She said, “We are committed to more engagements among reform-implementing organs of government and the private sector players, and we are happy to see that these have resulted in a more favourable validation of the reforms by the private sector.”

“This result will serve as encouragement to sustain the deepening of these reforms and make it even more tangible for businesses and the citizenry.

“The PEBEC is focused on delivering even more substantive reforms for the improvement of the general business climate,” the presidential aide added.

Nigeria Moves Up By 15 Spots On World Bank’s Ease Of Doing Business Index

A file photo of Nigerians walking on a street in Lagos State.



Nigeria has moved up by 15 places to 131 in the World Bank’s Ease of Doing Business ranking from the 146th position it was in 2018.

This comes after the World Bank ranked the country in the top 10 economies where business climates improved the most some weeks ago.

According to the World Bank Group’s Doing Business 2020 study, governments of 115 economies around the world launched 294 reforms over the past year.

The report explained that this made doing business easier for the domestic private sector in the countries, paving the way for more jobs, expanded commercial activity, and higher incomes for many.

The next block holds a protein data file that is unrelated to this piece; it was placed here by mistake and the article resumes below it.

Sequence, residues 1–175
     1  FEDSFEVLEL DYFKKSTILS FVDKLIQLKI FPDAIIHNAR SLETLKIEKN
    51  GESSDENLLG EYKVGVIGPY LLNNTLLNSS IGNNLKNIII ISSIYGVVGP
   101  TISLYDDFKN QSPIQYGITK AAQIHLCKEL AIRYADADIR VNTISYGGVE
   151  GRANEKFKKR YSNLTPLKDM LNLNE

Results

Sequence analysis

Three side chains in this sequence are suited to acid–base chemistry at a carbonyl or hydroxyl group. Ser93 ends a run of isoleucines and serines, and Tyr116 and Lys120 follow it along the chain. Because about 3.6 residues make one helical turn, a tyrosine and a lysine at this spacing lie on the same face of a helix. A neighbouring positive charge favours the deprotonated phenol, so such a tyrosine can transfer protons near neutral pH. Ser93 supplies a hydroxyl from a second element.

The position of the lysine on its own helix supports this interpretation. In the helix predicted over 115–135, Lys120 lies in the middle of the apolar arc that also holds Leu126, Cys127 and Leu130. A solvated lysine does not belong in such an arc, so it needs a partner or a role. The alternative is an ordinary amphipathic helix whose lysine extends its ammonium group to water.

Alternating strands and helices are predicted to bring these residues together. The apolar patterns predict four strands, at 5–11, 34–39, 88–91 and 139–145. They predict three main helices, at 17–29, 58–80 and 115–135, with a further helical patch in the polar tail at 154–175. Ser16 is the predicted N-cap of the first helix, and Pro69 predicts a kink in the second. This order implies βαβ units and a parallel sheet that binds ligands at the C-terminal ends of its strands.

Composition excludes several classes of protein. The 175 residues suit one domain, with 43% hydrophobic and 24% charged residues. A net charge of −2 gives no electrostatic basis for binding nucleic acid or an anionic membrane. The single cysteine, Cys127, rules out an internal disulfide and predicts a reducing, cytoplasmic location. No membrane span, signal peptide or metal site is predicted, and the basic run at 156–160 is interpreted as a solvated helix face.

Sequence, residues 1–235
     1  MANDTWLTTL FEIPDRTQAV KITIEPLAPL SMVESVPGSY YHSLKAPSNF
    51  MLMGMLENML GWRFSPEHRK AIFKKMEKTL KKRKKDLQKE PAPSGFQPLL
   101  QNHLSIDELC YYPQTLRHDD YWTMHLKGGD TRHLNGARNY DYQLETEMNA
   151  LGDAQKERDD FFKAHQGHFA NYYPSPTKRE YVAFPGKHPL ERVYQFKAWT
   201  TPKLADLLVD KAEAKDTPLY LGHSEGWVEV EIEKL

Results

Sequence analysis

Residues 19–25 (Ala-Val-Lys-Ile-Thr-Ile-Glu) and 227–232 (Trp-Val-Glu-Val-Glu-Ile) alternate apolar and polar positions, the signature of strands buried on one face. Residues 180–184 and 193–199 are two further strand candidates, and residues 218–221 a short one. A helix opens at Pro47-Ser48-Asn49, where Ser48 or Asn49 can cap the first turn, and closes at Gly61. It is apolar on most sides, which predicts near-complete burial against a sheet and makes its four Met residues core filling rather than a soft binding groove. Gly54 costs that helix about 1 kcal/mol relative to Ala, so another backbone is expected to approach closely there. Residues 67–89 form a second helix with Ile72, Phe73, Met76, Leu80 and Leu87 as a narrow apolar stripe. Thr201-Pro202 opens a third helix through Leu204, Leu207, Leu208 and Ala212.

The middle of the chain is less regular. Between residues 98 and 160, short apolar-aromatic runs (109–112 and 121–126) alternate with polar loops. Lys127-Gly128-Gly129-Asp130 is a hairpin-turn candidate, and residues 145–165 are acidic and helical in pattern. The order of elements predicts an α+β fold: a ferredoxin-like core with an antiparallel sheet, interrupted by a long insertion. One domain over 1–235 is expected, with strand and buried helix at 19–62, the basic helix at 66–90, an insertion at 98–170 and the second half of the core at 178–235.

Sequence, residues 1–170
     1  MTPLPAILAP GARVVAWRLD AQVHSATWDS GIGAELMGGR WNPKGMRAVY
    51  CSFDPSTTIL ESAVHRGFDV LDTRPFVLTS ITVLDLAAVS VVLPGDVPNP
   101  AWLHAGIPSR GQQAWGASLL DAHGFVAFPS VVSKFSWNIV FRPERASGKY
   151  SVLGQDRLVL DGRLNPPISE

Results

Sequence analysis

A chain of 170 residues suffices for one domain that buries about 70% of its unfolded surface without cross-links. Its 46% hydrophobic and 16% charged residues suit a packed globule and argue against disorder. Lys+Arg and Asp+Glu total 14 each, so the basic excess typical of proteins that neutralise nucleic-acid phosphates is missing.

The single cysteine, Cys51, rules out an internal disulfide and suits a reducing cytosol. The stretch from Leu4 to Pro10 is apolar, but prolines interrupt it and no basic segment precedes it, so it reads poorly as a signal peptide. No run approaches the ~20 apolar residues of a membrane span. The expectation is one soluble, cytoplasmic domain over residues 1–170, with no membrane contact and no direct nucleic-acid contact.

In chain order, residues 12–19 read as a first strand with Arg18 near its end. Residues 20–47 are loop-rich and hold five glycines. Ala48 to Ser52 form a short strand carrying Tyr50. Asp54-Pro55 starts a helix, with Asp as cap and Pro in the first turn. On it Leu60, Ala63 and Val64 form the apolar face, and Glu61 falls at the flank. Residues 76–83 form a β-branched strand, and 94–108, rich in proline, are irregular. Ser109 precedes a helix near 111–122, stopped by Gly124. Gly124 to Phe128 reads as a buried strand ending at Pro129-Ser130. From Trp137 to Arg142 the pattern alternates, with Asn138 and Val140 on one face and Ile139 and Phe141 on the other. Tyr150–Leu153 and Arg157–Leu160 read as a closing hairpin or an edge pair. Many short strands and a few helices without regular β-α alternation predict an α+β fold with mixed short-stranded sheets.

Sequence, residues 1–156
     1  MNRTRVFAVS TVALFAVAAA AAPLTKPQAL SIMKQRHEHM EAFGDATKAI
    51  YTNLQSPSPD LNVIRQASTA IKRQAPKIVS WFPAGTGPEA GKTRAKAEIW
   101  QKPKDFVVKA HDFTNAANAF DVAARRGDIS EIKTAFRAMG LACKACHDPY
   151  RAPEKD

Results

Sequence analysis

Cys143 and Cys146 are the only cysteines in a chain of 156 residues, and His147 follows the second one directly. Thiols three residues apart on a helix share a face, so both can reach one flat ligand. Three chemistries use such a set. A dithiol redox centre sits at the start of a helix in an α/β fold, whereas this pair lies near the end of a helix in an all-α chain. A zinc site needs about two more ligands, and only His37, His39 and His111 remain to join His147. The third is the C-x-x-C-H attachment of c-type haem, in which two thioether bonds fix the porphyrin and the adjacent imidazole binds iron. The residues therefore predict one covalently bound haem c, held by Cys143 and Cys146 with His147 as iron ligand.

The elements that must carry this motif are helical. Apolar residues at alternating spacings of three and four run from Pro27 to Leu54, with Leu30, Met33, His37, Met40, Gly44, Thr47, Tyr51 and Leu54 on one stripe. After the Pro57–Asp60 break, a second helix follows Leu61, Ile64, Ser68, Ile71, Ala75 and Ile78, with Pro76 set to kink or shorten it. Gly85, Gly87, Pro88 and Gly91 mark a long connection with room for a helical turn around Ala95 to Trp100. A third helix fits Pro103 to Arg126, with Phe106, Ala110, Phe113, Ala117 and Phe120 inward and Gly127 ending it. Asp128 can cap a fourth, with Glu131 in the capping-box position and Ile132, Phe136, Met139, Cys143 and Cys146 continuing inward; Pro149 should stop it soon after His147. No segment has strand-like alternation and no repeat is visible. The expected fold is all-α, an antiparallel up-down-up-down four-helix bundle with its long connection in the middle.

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World Bank President, David Malpass, said governments can foster market-oriented development and broad-based growth by creating rules that help businesses launch, hire, and expand.

He added that removing barriers facing entrepreneurs generates better jobs, more tax revenues, and higher incomes, all of which were necessary to reduce poverty and raise living standards.


Meanwhile, China and India made the top 10 list of governments that have done the most in the past year to improve the ease of doing business in their countries.

China made the top 10 list for the second year in a row, despite a bitter trade war in which the United States has demanded reforms from Beijing to protect intellectual property and open its economy further to American businesses.

The Asian country leapfrogged France to take the 31st spot in the ranking, also moving up 15 places just as Nigeria.

India, on the other hand, landed on the most-improved list for the third year in a row, moving up by 14 places to number 63 in the global rankings.

The report noted that the country made it easier to start a business by abolishing filing fees, lowering the time and cost of seeking construction permits and making trade easier with port improvements and an improved electronic platform for submitting documents.

The other seven economies where business climates improved the most were Saudi Arabia, Jordan, Togo, Bahrain, Tajikistan, Pakistan, and Kuwait.

New Zealand continues to top the global rankings, while Singapore, Hong Kong, Denmark, and Korea are right behind with the United States, Georgia, the United Kingdom, Norway and Sweden completing the top 10 list.

Over 13,000 People To Attend World Bank, IMF Meeting In US


No fewer than 13,000 people are expected at this year’s meeting of the World Bank and the International Monetary Fund.